Each week one student will volunteer to present a paper of his/her choice. We strongly suggest that you pick a paper from a top conference (SOSP, OSDI, ASPLOS, SIGCOMM, etc). The presenting student will be responsible for leading the discussion. See the “Guidelines for presenters” section below for more information.
Guidelines for participants
The purpose of this reading group is to have a useful discussion about the paper at hand. To achieve this, it is important that participants have already read the paper and understand it to a reasonable extent. You don't need to understand every single thing about the paper–feel free to ask questions about the things you don't understand–but you should at least know what the paper does and how.
Please do not just skim through the paper and expect to learn the rest during the reading group meeting. As a rule of thumb, if you have not spent at least 1-2 hours reading the paper, this is a good indication that you should not attend this week's meeting.
Finally, we suggest that you take a look at the next section, “Guidelines for presenters”, even if you are not presenting yourself. Given that the presenter is not supposed to do all the talking, but is mostly there to lead the discussion, it would be useful to take a look at the questions around which the discussion is likely to evolve; keep them in mind while reading the paper.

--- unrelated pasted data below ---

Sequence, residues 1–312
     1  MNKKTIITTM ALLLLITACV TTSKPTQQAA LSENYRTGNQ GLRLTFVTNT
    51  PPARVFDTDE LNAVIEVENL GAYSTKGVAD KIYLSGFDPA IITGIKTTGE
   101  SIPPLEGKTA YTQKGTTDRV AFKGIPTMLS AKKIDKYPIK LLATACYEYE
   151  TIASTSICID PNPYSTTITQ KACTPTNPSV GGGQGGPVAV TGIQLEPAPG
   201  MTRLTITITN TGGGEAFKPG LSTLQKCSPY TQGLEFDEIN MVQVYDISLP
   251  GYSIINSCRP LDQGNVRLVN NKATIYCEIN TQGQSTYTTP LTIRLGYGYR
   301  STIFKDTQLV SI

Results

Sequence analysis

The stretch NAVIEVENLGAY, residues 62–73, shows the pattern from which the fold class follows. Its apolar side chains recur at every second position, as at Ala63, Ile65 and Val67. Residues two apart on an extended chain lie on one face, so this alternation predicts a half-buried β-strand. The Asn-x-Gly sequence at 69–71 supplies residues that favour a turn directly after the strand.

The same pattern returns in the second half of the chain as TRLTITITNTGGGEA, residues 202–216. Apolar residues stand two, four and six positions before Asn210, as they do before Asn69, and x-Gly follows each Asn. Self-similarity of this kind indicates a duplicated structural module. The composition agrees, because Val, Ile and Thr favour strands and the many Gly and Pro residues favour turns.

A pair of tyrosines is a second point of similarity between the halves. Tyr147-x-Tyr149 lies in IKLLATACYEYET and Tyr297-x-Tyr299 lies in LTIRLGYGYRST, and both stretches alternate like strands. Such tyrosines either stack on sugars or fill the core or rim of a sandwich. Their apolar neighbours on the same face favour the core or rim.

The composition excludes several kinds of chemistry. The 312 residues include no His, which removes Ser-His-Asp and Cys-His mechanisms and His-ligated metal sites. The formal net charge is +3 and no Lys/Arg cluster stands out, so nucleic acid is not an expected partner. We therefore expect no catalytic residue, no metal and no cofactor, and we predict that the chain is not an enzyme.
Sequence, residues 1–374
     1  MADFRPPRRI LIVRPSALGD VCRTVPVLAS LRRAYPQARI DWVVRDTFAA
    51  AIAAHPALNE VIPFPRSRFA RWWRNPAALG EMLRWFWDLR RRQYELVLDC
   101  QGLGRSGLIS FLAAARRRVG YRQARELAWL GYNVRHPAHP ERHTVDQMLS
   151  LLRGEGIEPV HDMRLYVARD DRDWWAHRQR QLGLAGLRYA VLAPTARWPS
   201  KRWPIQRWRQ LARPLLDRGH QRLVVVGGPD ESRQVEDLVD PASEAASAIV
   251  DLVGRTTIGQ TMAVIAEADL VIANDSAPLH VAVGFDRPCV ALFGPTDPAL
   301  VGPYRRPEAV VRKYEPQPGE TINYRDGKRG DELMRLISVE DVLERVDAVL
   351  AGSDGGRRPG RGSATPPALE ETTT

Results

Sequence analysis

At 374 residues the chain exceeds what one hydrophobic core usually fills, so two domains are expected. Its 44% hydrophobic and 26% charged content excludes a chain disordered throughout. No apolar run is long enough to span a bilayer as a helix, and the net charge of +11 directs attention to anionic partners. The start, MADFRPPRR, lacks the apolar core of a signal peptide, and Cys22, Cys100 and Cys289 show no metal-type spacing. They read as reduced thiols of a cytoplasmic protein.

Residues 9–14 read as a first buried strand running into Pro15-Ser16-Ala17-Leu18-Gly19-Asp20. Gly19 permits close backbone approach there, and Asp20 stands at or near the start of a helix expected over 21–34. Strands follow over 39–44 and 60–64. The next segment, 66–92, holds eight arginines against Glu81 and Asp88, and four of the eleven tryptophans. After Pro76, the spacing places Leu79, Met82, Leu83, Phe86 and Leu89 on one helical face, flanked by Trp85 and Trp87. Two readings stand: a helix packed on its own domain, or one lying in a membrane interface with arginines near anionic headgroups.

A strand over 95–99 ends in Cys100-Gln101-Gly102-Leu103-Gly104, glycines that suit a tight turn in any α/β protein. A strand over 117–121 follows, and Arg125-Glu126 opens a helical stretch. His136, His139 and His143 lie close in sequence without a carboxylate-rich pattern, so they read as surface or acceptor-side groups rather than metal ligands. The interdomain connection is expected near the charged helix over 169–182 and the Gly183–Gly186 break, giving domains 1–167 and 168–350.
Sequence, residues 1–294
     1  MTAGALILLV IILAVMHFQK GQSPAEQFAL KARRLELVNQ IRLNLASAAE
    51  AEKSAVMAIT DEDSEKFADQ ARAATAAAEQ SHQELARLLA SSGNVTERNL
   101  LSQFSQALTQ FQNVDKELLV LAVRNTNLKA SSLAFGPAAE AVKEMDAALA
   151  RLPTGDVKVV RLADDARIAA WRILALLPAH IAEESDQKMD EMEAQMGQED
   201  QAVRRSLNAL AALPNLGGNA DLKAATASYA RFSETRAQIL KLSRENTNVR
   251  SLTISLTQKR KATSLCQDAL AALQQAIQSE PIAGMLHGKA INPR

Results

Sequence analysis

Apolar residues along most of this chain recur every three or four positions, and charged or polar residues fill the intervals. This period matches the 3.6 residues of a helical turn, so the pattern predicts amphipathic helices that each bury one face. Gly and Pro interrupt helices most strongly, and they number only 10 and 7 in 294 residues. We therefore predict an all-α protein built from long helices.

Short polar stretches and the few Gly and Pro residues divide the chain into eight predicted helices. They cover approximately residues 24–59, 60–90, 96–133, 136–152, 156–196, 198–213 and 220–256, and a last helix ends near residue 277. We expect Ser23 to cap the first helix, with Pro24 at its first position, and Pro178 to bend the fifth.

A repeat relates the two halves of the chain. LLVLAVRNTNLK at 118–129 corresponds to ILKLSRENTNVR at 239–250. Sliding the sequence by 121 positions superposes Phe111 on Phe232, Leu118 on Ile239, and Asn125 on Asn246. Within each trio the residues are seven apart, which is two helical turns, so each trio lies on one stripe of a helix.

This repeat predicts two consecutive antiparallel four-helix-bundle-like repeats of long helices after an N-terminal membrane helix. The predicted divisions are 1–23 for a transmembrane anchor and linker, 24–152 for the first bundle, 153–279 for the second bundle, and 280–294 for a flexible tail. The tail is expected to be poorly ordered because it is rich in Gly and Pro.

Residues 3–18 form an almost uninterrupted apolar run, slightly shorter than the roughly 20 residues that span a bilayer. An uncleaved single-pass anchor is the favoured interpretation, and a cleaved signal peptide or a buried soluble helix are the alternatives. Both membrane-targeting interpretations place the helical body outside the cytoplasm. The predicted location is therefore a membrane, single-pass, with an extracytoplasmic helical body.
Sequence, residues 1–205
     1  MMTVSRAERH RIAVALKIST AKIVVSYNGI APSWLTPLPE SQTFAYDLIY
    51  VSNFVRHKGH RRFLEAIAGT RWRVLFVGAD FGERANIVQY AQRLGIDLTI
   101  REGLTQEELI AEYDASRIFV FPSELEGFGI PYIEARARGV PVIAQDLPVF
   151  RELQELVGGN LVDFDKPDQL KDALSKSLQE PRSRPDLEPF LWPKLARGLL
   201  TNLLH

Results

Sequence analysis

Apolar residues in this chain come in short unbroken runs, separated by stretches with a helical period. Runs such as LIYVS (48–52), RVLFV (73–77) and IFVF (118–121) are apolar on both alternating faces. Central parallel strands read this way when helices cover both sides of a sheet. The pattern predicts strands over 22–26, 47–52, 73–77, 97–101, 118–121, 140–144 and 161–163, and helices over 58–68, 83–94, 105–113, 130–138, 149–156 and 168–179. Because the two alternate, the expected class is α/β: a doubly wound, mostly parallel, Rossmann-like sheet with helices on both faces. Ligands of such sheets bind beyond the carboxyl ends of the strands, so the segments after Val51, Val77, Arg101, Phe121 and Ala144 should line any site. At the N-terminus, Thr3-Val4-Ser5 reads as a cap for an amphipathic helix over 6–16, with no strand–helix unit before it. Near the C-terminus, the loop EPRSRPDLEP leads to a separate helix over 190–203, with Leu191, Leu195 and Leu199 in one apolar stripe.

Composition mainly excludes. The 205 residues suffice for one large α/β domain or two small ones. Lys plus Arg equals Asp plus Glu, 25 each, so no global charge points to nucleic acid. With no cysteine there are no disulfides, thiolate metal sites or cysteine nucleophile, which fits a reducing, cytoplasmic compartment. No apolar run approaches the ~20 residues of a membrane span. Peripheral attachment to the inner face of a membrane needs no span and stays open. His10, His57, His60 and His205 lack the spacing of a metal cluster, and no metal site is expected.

Guidelines for presenters
The primary role of the presenter is to guide the discussion. Since we assume that everyone present will have read the paper, the presenter is not required to explain what the paper is doing. That said, a quick 1-minute summary might be appropriate to get things started. Also, when possible, it would be very useful if the presenter can give an overview of the related work and how this paper fits in the general picture. Other than that, there are a number of things that would be interesting to talk about:
- Paper strengths: what makes this paper interesting? Can this idea/technique be applied somewhere else?
- Paper weaknesses: are you not convinced it works/matters? Why is that?
- The next step: are there open problems to be addressed?
- Evaluating the evaluation. This is an important issue that is usually overlooked. How convincing was the evaluation? Was there a particular graph missing that you would like to see? Which graph did you think was the most useful/convincing one? Is there some different representation that you think would work better for conveying the experimental results? A useful exercise is to think about what you would like to see in the Evaluation section before you read it.